The Nightshift Kid
You only worked there for three weeks. It was back when they had huge printers the size of cars for all the letters they had to send. The paper they used had perforated edges to drag it through the printers, and the machines cut them off before folding the letters and slotting them into envelopes. There were ten machines in the warehouse, and on your first day a man called Don with a crew-cut and a limp showed you how to empty the printer bins. The sound of the machines was loud, a whirring, like dying engines.
“Unhook the sack,” he said, doing it. “Then drag it over to the chute.”
You followed him across the floor to the black hole in the wall.
“Hook the sides of the sack here,” he said. “Then press this.”
Metal levers lifted the huge sack, and the paper strips with the little holes poured into the darkness of the chute.
“What’s down there?” you said.
But Don was already walking back with the empty sack. “Keep moving. By the time you’re round to the first machine again, the sack’ll be just about full”
It was easy and hard at the same time. After a while, you’d slow down, and if one of the bins started to overflow, an alarm would sound, and you’d have to speed up to get there, otherwise the paper strips would just pour out. The machine wouldn’t stop, though.
The machines never stopped.
Don was the overseer. He’d pop his head around the door every hour. At lunchtime, he’d come and take over so you could go and eat your crisps in the small staff room. Some women had their lunch there too, black tights clinging to their long legs under their tight skirts. Women whose fingernails skittered on the tabletop as they drank their coffee. Women whose boyfriends had dicks which were too small, or too soft, or too big, or too hard. Women who liked to go to the Star and Garter on a Friday lunchtime and not invite you. You had no idea what these women did, which part of the building they worked in, and they never once said a word to you.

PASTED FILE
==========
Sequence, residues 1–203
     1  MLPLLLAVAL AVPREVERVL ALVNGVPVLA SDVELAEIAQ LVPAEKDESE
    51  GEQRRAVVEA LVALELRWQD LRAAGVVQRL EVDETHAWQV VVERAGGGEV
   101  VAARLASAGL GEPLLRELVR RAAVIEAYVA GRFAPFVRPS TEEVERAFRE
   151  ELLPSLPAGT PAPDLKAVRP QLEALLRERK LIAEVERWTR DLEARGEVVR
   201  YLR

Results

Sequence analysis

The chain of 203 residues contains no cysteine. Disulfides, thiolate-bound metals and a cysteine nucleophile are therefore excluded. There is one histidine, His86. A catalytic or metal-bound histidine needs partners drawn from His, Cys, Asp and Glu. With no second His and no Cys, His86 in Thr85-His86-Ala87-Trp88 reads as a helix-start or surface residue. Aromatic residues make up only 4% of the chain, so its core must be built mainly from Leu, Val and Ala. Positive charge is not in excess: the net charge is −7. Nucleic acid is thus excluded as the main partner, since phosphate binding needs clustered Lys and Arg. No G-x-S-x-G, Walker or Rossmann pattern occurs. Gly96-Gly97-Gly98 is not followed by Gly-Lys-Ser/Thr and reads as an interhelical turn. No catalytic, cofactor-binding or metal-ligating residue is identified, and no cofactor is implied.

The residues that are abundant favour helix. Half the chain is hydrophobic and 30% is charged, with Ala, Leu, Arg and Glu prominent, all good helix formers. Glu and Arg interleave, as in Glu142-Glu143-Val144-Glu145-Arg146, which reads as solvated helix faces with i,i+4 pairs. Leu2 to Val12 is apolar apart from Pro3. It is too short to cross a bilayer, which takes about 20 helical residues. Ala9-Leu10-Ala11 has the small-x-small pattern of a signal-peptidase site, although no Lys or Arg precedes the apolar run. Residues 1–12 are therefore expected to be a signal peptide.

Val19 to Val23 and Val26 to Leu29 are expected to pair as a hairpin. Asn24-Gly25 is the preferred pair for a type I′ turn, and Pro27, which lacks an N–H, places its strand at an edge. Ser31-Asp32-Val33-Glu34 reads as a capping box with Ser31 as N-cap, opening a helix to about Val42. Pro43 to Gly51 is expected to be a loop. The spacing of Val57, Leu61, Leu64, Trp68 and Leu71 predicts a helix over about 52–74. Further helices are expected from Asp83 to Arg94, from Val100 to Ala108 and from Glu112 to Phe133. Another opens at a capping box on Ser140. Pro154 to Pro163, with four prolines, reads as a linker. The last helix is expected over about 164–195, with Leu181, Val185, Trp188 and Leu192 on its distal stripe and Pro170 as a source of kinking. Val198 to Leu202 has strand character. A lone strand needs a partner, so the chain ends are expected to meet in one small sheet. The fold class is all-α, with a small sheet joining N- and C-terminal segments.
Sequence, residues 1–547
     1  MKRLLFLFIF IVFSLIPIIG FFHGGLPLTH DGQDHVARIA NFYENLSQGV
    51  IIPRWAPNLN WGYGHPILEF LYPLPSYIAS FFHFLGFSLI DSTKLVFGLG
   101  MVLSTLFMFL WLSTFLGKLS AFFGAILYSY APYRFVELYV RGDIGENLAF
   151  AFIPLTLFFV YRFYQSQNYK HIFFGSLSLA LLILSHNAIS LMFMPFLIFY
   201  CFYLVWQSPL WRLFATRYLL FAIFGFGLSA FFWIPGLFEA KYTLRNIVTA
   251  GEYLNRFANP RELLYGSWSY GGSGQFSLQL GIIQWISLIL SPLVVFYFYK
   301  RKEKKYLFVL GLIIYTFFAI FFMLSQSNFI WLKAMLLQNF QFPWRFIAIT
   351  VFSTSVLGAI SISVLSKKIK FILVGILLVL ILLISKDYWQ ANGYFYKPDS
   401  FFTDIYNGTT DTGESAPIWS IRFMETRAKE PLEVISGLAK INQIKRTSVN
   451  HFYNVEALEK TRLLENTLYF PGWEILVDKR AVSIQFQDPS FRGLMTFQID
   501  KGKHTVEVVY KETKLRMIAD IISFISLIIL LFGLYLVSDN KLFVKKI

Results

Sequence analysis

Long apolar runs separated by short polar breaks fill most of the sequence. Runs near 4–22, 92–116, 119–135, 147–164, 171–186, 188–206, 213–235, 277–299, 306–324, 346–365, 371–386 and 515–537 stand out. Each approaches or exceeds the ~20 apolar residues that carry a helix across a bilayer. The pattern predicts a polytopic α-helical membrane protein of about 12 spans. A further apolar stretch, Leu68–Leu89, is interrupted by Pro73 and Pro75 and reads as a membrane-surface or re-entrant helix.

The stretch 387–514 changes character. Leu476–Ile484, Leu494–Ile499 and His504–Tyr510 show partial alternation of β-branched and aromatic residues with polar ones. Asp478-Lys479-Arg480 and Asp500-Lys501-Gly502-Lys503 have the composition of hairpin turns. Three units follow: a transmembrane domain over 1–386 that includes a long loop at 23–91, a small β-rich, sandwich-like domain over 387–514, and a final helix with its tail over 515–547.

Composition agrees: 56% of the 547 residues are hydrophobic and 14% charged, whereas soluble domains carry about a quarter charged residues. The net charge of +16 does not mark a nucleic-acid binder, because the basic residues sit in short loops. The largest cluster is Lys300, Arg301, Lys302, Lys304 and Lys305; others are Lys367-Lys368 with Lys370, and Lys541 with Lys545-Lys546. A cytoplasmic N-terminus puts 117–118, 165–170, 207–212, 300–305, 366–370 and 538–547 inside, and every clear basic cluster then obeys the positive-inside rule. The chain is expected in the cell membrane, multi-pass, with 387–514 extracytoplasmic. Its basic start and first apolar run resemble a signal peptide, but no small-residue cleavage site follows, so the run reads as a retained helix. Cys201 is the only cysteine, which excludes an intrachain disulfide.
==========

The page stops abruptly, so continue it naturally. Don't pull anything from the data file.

The day after Don had shown you the ropes, you turned up at eight and there was some other kid emptying sacks at the other side of the warehouse. You realised there must be a nightshift, and that this was the nightshift kid. He looked up as you walked in, and you nodded, but by the time you’d hung your coat in the staff room, he’d gone, so you just started on the next machine along.
Five days a week, you walked around the warehouse floor, fours hours in the morning, four hours in the afternoon. Just before your shift ended, another would kid would walk through the door. He’d nod at you on his way to hang up his coat, and you’d wait for him, then you’d go and get your coat and leave.
It was his shift now.
You got your wages in a brown envelope at the end of the week from a man in glasses who didn’t look at you, and there were some engineers who would come in to fix a machine whenever one went down, but there was no one else. Don was just a head in a doorway. The women may as well have been film stars. There was only the incessant grind of the machines, the paper-dust, and the chute.
On the last day, you turned up like normal, but walking across the yard you knew something was wrong.
There was no noise.
The man with the glasses was outside the doors to the warehouse. “Closed today,” he said.
“Go home. Come back tomorrow. We’ll be back on then.”
Don was on the steps outside, rolling a cigarette. “The nightshift kid,” he said “Chucked himself down the chute.”
“Christ,” you said. “When?”
“Dunno,” he said . “Ambulance’d been and gone by the time I got here.”
“What’s down the chute?” you said.
“Compactor. The paper gets crushed into these big solid blocks. Weird looking things. They get packed onto a truck that takes them away.”
He held out his pack of tobacco.
“What are they going to do?” you said.
“Well, they’ve switched off the machines.”
“You told me they never switched them off.”
“They have today, son.”
You sat there smoking for a while, and then Don stood up. “See you tomorrow,” he said, and you watched him walk towards the gate.
It was quiet in the yard, and for a short while you stayed, just to listen.
Bio: Jason Jackson writes short fiction and, occasionally, poetry. He also takes photographs. In a busy life he hopes to get better at all three. Find links to his published words and pictures at jjfiction.wordpress.com Jason tweets @jj_fiction
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